Today’s Scripture – November 21, 2013

Psalm 5:1-3 (NIV):  Give ear to my words, O Lord, consider my sighing.  Listen to my cry for help, my King and my God, for to you I pray.  In the morning, O Lord, you hear my voice; in the morning I lay my requests before you and wait in expectation.

Many people today don’t really pray.  They throw a few requests up toward heaven, but they don’t really connect to God at the start, they speak their requests, and then they move on.  For that reason, a lot of people today consider prayer to be a duty, a discipline, and one of dubious effectiveness at that.

But David, when he prayed, really prayed!  And his prayers were answered.  David learned to pray while watching his sheep.  Out there in the fields, far from other companionship, he would just talk to God.  He would thank God for His provision, for the beauty of the world, for the grass that He caused to grow that provided food for the sheep, which in turn provided food, clothing and shelter for him and his family.  Later, when he was running from Saul, his prayers were more intense.  But, as we can read in is Psalms, he continued to enter God’s gates with thanksgiving and His courts with praise.  He always approached God, not as some grand concept, but as the One who loved him, and who continually demonstrated His love to him in concrete ways.

David kept his heart in tune with God.  After his sin with Bath-Sheba, David understood that he had been cut off from God by his sin.  That was a dark time, and one that left damage to his soul, and to the souls of his children that were never healed.  But before that time, and after his repentance and restoration, David kept his heart in tune with God by living a life in harmony with God’s laws, and by his constant devotion to Him.  So when David came to God, there was no barrier between them, no “spiritual gymnastics” that he had to go through in order to really connect with God.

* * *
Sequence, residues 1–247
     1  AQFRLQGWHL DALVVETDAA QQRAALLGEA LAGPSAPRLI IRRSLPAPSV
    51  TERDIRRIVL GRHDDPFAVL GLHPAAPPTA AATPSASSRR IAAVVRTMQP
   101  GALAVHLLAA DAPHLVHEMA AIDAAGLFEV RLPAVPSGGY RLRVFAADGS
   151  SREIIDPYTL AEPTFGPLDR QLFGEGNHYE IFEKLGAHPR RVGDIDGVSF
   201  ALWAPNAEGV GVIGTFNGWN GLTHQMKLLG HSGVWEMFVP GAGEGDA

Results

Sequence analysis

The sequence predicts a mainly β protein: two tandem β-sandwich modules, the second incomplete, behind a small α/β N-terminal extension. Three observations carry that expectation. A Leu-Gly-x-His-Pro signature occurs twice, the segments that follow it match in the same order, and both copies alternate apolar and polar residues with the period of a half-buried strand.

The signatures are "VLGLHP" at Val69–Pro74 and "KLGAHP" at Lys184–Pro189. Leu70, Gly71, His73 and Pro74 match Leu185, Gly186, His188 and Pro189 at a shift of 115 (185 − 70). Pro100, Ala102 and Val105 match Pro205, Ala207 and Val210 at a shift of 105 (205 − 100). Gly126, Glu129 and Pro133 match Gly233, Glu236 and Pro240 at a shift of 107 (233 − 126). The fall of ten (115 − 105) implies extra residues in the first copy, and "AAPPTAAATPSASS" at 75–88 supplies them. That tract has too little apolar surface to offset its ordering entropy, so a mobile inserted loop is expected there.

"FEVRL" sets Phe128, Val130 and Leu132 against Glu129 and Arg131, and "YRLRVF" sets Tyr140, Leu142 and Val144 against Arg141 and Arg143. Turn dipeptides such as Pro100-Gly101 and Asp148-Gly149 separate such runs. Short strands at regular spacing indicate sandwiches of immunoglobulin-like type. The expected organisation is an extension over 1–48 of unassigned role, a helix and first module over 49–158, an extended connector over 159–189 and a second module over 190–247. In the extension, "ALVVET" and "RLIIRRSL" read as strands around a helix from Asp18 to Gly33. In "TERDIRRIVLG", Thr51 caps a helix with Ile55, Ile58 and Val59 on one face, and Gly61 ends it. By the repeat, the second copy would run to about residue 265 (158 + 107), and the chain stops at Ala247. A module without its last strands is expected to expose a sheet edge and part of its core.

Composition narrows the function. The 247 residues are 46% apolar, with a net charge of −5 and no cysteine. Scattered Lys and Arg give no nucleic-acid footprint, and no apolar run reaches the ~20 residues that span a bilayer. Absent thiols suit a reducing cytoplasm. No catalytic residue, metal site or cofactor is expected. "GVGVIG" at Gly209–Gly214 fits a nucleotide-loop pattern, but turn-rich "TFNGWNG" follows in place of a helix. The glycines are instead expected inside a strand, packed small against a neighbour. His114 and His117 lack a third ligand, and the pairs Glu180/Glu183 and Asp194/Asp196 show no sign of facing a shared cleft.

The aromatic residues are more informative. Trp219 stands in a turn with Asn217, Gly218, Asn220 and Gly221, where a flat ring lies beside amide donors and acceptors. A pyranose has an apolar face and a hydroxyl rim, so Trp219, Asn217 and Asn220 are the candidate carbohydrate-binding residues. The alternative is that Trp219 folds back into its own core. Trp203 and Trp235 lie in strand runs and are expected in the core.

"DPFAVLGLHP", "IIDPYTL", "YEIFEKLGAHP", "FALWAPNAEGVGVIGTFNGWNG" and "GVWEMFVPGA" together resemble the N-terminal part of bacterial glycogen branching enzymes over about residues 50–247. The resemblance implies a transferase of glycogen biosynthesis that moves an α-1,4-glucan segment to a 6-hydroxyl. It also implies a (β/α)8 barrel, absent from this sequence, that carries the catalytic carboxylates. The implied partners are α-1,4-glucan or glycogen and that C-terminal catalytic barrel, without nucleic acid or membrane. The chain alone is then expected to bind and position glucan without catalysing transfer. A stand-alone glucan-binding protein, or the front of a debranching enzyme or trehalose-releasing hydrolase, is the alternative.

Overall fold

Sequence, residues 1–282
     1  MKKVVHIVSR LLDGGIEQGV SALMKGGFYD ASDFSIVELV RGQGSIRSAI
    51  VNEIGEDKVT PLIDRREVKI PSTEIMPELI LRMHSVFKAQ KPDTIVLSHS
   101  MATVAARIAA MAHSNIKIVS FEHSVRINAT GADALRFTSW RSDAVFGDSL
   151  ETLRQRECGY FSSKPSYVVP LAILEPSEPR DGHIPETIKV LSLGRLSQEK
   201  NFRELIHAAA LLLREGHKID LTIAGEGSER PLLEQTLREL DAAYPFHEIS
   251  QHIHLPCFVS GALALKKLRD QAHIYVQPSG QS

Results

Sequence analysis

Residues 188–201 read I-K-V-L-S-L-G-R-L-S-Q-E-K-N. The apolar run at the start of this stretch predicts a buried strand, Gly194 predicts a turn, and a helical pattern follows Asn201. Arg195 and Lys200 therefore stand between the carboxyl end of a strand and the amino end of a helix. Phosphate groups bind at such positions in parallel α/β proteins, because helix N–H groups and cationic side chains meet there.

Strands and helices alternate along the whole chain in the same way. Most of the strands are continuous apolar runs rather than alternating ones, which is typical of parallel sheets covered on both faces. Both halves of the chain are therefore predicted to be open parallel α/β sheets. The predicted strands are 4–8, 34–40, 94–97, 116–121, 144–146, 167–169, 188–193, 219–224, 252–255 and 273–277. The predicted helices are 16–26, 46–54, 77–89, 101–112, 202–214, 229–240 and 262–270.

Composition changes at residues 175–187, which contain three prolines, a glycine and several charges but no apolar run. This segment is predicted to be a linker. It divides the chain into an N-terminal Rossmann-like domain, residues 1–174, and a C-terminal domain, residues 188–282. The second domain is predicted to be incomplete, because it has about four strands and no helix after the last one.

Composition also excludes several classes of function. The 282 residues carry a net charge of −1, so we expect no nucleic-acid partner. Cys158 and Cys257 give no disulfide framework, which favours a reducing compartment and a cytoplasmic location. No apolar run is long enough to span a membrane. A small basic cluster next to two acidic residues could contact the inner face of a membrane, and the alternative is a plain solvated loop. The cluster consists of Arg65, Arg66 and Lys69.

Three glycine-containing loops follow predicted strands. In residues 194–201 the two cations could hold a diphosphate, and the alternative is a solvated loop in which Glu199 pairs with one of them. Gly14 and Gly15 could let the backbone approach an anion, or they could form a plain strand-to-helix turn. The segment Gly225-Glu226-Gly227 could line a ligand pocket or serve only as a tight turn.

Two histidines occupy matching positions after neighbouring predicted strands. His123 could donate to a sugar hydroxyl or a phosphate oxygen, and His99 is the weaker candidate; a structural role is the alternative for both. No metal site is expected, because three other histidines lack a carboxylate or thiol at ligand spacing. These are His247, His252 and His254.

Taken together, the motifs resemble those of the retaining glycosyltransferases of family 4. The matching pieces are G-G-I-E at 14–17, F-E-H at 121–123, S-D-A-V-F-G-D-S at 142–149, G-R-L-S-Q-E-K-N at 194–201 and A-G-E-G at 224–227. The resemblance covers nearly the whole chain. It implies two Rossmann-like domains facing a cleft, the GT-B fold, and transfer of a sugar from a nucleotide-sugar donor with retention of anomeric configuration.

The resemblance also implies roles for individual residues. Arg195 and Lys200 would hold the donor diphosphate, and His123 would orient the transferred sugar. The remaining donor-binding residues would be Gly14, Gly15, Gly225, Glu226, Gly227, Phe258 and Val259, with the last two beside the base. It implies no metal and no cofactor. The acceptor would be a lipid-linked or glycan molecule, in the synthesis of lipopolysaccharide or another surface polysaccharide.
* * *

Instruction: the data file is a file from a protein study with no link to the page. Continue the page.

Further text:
Then, in the light of their relationship, David brought His requests to God.  Sometimes they were mundane and even trivial:  food for the day; a successful lambing season; the ability to find the exact stick or rock for something that he was building.  Sometimes his requests were urgent:  deliverance from Saul and his troops that were just on the other side of the mountain; food and shelter for him and his men in the wilderness; the ability to rescue his wives and children from the Amalekites.  But in all of them, whether large or small, trivial or vital, he brought them solemnly into God’s presence, laid them at the foot of His throne, and then, secure in the fact that they had connected, he waited in expectation to see the answers.

Not many prayers of David are recorded in the historical narratives in the Bible.  But the Psalms are loaded with them.  And they all share the common characteristics of praise, confidence in the relationship based on a heart in tune with God, experience of a vital, real-time connection between David and God, simple sharing of real needs, assurance that the requests had not only been made, but received, and expectation of the answer.

Father, these elements are easy to see when I look for them.  Help me always to pray to You in the same, intimate way.  Amen.


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